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In this issue, we will discuss how Canadian organizations continue to be complacent about information security.
It’s no secret that the improper disclosure of confidential information is risky and can cause damage to corporate reputations. In today’s business climate, savvy business leaders know it simply makes good business sense to arm employees with tools and resources to safely manage information.
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Shred-it’s 4th Annual Information Security Tracker shows business leaders are taking little to no action to make information security a priority. In fact, the study shows that in some instances, information security policies have actually decreased. Considering the fact that Canadians are more aware of their information security risks than ever before, it’s clear more needs to be done to motivate business leaders to take action.
According to the annual study conducted by Ipsos Reid:
When you consider that the average cost of a data breach is nearly $6 million, there is plenty of cause for concern. Organizations need to take more responsibility in safeguarding confidential information not only for their stakeholders, but also for their corporate livelihoods.
Are you doing enough?
To take control and properly manage your confidential data, keep the following suggestions in mind:
Recent reports confirm that last year close to a million Canadians had their private information compromised by a data breach. It’s clear that today, more than ever before, organizations need to prioritize information security by implement protocols that help protect documents and hardware.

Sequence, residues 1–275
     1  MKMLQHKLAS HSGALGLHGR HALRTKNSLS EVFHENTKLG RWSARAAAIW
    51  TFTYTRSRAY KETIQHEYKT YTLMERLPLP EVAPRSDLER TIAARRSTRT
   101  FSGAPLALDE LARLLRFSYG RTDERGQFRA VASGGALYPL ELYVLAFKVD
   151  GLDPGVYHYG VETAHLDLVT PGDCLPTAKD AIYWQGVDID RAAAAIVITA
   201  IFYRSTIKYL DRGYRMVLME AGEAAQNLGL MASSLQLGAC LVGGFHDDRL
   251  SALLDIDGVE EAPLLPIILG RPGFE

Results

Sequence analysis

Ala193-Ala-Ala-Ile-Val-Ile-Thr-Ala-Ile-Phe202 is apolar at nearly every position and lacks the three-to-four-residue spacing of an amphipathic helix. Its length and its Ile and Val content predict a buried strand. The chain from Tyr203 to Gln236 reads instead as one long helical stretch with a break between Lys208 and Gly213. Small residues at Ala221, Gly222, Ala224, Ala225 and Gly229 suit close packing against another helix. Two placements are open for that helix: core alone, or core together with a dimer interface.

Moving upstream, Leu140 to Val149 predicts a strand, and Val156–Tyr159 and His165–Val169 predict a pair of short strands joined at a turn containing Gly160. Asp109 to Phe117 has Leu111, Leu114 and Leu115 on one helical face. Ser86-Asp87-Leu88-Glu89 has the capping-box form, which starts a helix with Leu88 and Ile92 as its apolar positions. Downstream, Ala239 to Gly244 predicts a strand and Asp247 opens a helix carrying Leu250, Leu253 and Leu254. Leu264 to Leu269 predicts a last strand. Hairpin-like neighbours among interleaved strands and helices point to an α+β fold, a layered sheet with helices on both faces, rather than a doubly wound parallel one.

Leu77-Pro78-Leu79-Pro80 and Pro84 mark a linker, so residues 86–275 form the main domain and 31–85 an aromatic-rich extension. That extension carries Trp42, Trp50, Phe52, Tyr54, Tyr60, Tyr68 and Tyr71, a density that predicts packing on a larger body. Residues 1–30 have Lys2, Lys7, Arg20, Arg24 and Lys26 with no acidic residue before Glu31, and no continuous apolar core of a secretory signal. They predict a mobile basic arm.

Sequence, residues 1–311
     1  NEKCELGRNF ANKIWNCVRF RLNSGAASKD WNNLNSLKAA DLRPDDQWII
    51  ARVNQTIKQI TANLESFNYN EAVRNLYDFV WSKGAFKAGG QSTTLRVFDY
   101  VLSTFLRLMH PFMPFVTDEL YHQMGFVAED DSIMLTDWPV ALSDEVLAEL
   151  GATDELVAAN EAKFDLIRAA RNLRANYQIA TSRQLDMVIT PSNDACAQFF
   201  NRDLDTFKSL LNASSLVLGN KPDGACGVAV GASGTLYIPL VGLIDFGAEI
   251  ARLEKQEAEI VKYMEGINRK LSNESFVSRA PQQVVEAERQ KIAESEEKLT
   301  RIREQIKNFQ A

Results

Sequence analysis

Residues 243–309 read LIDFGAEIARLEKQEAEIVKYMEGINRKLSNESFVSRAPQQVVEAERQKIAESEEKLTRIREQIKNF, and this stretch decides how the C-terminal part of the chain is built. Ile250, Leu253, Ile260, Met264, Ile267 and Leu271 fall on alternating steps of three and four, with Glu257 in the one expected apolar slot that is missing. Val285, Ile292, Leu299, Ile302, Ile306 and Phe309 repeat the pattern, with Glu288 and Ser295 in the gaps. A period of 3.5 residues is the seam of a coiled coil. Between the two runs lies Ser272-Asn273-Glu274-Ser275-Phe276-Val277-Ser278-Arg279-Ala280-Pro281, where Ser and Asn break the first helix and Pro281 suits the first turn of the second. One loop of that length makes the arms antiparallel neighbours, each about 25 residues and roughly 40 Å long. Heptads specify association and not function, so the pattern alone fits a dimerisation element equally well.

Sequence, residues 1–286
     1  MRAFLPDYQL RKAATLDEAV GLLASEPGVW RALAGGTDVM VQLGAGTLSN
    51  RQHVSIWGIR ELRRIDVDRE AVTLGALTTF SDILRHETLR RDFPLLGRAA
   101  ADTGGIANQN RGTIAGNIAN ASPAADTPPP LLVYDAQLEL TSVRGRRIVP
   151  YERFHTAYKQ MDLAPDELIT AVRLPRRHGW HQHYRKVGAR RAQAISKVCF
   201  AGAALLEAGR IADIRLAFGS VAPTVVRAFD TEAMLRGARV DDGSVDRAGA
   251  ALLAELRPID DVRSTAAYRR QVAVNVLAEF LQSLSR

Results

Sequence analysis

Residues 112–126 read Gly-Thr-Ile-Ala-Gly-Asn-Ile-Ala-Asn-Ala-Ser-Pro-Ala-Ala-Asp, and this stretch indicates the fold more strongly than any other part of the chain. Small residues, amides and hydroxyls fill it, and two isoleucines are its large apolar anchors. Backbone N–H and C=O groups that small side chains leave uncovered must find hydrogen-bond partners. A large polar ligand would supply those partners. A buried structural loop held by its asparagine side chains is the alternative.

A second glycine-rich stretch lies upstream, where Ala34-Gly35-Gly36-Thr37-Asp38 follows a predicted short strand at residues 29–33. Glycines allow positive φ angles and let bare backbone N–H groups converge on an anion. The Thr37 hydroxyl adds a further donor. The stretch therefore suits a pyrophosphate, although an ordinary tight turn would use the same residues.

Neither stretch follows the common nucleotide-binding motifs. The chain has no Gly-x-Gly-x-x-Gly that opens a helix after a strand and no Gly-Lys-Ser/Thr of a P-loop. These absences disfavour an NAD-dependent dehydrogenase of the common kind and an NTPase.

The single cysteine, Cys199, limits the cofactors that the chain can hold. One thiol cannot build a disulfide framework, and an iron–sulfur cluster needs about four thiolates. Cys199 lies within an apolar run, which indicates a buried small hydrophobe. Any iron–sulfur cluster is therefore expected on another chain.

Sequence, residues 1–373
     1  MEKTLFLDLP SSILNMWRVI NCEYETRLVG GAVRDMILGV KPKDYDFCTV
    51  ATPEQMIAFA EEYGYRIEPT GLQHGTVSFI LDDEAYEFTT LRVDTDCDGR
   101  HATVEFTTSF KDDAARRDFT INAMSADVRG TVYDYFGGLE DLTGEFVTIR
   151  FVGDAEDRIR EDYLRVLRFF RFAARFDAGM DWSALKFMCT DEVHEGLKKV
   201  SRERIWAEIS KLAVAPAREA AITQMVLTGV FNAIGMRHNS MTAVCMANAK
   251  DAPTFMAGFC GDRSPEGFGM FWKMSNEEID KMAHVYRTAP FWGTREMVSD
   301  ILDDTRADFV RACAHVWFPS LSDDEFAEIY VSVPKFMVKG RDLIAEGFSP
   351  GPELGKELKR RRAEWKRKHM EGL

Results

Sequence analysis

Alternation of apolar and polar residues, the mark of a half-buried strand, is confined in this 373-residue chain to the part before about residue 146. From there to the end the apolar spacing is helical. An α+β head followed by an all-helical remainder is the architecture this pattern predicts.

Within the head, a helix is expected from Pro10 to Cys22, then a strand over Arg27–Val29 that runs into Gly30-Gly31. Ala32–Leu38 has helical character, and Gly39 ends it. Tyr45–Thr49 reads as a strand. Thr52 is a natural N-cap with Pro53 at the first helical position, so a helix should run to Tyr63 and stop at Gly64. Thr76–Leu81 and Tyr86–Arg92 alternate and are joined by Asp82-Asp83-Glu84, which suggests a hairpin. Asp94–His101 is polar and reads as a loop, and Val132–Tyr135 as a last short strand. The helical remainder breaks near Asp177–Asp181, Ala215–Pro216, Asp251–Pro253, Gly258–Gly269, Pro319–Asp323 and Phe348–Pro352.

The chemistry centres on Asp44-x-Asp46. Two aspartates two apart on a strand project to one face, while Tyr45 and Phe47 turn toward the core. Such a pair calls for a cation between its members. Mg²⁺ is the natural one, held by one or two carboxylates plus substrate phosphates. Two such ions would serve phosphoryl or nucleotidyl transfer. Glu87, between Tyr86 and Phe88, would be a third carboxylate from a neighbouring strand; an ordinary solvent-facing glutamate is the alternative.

The gap between policy and practice leads to weakness in information security
Imagine what would happen to your organization if you lost personal information, including social insurance numbers, names and dates of birth, home addresses and telephone numbers for more than 500,000 Canadians?
For Employment and Social Development Canada (ESDC) it was a reality when a portable hard drive containing personal information for student loan recipients disappeared.1
An investigation by the Privacy Commission of Canada found the hard drive had been left unsecured with no data encryption or even a protected password; while the ESDC says there is no evidence the personal information stored on the hard drive was used for fraudulent purposes, for those 583,000 individuals whose personal information went missing, confidence in the ESDC has been tarnished with many questioning security protocols of other government departments.
Unfortunately, the ESDC is not the only organization lacking in cyber-security policies. Shred-it’s 4th Annual Security Tracker revealed that most Canadian organizations don’t have a protocol for destroying data stored on hard drives. According to the study, almost half of the small business owners surveyed had never disposed of hardware containing confidential information, and of the C-suite executives surveyed, half didn’t know the proper method for destroying confidential data stored on hard drives.2
It is likely that the Privacy Commissioner of Canada’s investigation will prompt other federal government departments to review their policies and practices, which is great news for everyone.
Three Simple Workplace Guidelines Are Designed to Safeguard Hard Drives:
What types of electronic media can be destroyed?
For more information on tips for Federal Institutions Using Portable Storage Devices please visit the Office of the Privacy Commissioner of Canada’s website here.
If your organization experiences a data breach, there are a few important steps that should be taken immediately:
Quick corrective measures are essential, but it is also critical for companies to take proactive steps to prevent further breaches from occurring.
Please visit the Shred-it Resource Centre for more information on successfully implementing an information security program in your organization. You can also stay informed with Shred-it on Facebook and LinkedIn or you can follow us on Twitter at @Shredit
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